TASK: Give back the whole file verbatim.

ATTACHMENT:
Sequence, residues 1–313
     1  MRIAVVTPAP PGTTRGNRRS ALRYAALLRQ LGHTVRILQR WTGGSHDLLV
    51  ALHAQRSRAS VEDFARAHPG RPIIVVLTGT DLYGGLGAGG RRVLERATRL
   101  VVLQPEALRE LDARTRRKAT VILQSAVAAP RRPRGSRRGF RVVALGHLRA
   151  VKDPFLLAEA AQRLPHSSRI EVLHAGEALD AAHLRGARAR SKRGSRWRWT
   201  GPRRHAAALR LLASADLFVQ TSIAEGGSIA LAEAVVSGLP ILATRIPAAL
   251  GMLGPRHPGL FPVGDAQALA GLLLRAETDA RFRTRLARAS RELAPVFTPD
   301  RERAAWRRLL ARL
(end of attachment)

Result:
Sequence, residues 1–313
     1  MRIAVVTPAP PGTTRGNRRS ALRYAALLRQ LGHTVRILQR WTGGSHDLLV
    51  ALHAQRSRAS VEDFARAHPG RPIIVVLTGT DLYGGLGAGG RRVLERATRL
   101  VVLQPEALRE LDARTRRKAT VILQSAVAAP RRPRGSRRGF RVVALGHLRA
   151  VKDPFLLAEA AQRLPHSSRI EVLHAGEALD AAHLRGARAR SKRGSRWRWT
   201  GPRRHAAALR LLASADLFVQ TSIAEGGSIA LAEAVVSGLP ILATRIPAAL
   251  GMLGPRHPGL FPVGDAQALA GLLLRAETDA RFRTRLARAS RELAPVFTPD
   301  RERAAWRRLL ARL